I chose this book to read for my personal challenge, “Wanderlust,” an effort to read books that are from or take place in each country of the world. This book was set in Ireland.

Deep in the Sahara

Deep in the Sahara, by Kelly Cunnane and illustrated by Hoda Hadadi, is the story of a young Mauritanian girl named Lalla. She desperately wants to wear a malafa like her mother, her older sister, and her grandmother. But a malafa is not to be worn until a young girl understands why they are worn.

from the publisher:

Lalla lives in the Muslim country of Mauritania, and more than anything, she wants to wear a malafa, the colorful cloth Mauritanian women, like her mama and big sister, wear to cover their heads and clothes in public. But it is not until Lalla realizes that a malafa is not just worn to show a woman’s beauty and mystery or to honor tradition—a malafa for faith—that Lalla’s mother agrees to slip a long cloth as blue as the ink in the Koran over Lalla’s head, under her arm, and round and round her body. Then together, they pray.

This was such a sweet and interesting story with beautiful illustrations. I didn’t know much about Mauritania, except that it is a West African nation. And I didn’t know much about the practice of Islam there, or the customs of dress, so this was an interesting learning for me. It would be a wonderful addition to a class library or a family’s collection of books on diversity and world cultures. Here is a photo of the author’s notes on writing this story, which I thought were as interesting as the book itself! (Click on the photo to enlarge it.)

 

I chose this book to read for my personal challenge, “Wanderlust,” an effort to read books that are from or take place in each country of the world. This was a story from Mauritania.

Ada’s Violin

Ada’s Violin: The Story of the Recycled Orchestra of Paraguay, by Susan Hood and illustrated by Sally Wern Comport, is a true story told in picture book form. It’s a very heartwarming story about the power of music and creativity to bring hope to the slums of Paraguay.

from the publisher:

Ada Ríos grew up in Cateura, a small town in Paraguay built on a landfill. She dreamed of playing the violin, but with little money for anything but the bare essentials, it was never an option…until a music teacher named Favio Chávez arrived. He wanted to give the children of Cateura something special, so he made them instruments out of materials found in the trash. It was a crazy idea, but one that would leave Ada—and her town—forever changed. Now, the Recycled Orchestra plays venues around the world, spreading their message of hope and innovation.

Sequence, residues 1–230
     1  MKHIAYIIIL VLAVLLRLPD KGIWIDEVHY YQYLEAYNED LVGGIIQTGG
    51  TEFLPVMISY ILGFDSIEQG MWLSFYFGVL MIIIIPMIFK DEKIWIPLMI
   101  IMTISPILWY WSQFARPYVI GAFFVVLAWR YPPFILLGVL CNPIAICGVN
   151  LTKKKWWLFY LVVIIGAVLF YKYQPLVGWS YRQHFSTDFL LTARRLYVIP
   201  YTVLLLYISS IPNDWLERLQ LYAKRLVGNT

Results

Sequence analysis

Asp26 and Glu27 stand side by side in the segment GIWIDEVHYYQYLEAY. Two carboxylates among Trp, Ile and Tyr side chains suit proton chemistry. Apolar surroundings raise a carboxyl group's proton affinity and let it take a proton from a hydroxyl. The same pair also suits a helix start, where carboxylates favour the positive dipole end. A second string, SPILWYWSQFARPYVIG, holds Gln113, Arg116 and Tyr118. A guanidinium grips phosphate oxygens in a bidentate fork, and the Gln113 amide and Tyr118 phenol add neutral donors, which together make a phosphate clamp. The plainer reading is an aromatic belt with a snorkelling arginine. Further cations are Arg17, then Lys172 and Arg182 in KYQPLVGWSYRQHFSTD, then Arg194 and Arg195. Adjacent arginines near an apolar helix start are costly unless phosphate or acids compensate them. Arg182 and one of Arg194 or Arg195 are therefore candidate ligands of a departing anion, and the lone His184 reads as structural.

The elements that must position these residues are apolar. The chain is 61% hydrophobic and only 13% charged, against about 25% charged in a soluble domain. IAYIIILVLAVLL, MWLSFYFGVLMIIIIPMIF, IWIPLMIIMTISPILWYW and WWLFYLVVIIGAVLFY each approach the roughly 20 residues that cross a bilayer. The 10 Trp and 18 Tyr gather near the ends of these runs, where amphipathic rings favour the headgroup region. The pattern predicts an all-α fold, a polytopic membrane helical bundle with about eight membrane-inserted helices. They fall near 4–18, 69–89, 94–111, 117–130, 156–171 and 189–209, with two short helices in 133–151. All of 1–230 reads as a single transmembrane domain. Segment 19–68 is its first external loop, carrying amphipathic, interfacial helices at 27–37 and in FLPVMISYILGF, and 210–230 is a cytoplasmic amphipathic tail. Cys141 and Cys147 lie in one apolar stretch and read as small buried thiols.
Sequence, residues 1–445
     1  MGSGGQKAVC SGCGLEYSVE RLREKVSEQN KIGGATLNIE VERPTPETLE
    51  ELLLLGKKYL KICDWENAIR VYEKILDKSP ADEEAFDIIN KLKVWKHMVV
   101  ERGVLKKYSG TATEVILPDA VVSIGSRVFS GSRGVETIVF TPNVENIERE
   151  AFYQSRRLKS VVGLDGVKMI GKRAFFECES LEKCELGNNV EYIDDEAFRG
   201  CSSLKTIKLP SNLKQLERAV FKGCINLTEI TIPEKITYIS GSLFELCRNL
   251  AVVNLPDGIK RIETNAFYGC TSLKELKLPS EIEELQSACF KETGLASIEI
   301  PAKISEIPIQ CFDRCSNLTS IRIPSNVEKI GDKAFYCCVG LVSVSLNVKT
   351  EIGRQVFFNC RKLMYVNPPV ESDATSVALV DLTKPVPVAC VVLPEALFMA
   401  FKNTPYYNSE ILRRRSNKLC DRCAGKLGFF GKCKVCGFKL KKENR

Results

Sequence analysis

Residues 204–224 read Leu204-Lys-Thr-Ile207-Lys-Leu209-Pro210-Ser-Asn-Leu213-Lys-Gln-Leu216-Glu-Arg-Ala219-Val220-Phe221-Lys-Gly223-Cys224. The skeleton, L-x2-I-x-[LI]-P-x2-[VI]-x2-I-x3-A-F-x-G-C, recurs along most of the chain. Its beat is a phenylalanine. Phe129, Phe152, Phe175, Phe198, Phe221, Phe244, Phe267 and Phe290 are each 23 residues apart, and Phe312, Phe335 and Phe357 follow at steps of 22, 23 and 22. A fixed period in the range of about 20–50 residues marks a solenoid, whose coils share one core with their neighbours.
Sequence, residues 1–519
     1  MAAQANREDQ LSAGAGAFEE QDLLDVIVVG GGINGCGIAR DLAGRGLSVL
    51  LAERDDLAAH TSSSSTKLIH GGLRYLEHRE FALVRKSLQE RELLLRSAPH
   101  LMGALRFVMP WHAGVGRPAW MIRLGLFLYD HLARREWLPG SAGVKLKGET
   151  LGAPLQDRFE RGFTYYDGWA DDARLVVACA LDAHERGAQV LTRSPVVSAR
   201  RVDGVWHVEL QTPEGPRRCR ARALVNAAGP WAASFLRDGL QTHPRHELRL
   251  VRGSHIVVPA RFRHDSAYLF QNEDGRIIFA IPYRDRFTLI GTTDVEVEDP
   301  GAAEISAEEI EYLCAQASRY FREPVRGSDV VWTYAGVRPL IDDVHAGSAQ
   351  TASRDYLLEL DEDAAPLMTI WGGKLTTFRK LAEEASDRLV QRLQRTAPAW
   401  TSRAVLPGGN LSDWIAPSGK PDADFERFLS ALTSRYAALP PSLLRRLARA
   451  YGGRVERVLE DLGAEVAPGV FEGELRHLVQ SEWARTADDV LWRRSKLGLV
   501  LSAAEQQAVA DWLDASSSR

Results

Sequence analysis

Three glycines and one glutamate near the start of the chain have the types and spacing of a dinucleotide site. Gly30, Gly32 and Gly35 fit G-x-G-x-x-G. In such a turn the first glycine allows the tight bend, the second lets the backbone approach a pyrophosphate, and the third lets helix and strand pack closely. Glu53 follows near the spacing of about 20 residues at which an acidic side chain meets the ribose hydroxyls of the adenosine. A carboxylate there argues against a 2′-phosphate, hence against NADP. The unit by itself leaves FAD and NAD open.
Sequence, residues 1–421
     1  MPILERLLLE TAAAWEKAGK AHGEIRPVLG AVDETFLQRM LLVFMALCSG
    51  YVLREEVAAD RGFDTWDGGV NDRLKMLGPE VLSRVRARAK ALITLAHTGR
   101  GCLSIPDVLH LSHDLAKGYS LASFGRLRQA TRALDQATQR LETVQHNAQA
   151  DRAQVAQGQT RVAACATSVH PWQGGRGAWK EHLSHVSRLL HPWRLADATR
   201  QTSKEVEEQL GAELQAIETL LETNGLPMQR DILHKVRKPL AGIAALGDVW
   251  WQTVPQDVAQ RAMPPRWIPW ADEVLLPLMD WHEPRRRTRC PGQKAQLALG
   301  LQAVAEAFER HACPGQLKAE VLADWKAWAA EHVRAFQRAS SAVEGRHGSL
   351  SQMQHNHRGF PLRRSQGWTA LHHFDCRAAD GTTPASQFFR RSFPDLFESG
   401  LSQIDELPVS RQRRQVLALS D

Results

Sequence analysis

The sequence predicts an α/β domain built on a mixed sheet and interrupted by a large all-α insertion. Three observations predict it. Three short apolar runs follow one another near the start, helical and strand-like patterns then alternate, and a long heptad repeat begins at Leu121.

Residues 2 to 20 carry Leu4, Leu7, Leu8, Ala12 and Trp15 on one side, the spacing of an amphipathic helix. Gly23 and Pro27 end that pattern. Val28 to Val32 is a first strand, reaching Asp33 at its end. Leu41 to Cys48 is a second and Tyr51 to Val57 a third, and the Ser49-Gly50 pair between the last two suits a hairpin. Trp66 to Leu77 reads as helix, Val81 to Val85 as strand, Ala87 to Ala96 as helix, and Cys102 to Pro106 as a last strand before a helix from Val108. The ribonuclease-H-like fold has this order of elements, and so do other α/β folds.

It’s so nice to find a story of inspiration and hope. Ada’s dreams of playing the violin were fulfilled beyond her imagination, thanks to the work of Favio Chávez. Here are some links to more information on both Mr. Chávez and the Recycled Orchestra.

Click here to see a live performance on YouTube of the Recycled Orchestra.

Click here to see an NPR report on the Recycled Orchestra.


I chose this book to read for my personal challenge, “Wanderlust,” an effort to read books that are from or take place in each country of the world. This was a book based on a true story from Paraguay.

A Tiger for Malgudi

A Tiger for Malgudi, by R. K. Narayan, is an unusual book, a story about humanity from the viewpoint of a captured tiger. It is a compelling story, with much humor, very well written and enjoyable to read. But it is much more than an entertaining read. It is full of insight and wisdom about human beings and the human condition, and I found it refreshing and uplifting.

Summary of the story from the publisher:

A venerable tiger, old and toothless now, looks back over his life from cubhood and early days roaming wild in the Indian jungle. Trapped into a miserable circus career as ‘Raja the magnificent’, he is then sold into films (co-starring with a beefy Tarzan in a leopard skin) until, finding the human world too brutish and bewildering, he makes a dramatic bid for freedom.

R.K. Narayan’s story combines Hindu mysticism with ripe Malgudi comedy, viewing human absurdities through the eyes of a wild animal and revealing how, quite unexpectedly, Raja finds sweet companionship and peace.

To give you a good idea of the wisdom of this little book, here are some of my favorite passages:

  • You are not likely to understand that I am different from the tiger next door, that I possess a soul within this forbidding exterior. I can think, analyse, judge, remember and do everything that you can do, perhaps with greater subtlety and sense. I lack only the faculty of speech.

 

  • For one used to the grand silence of the jungle, the noisy nature of humanity was distressing.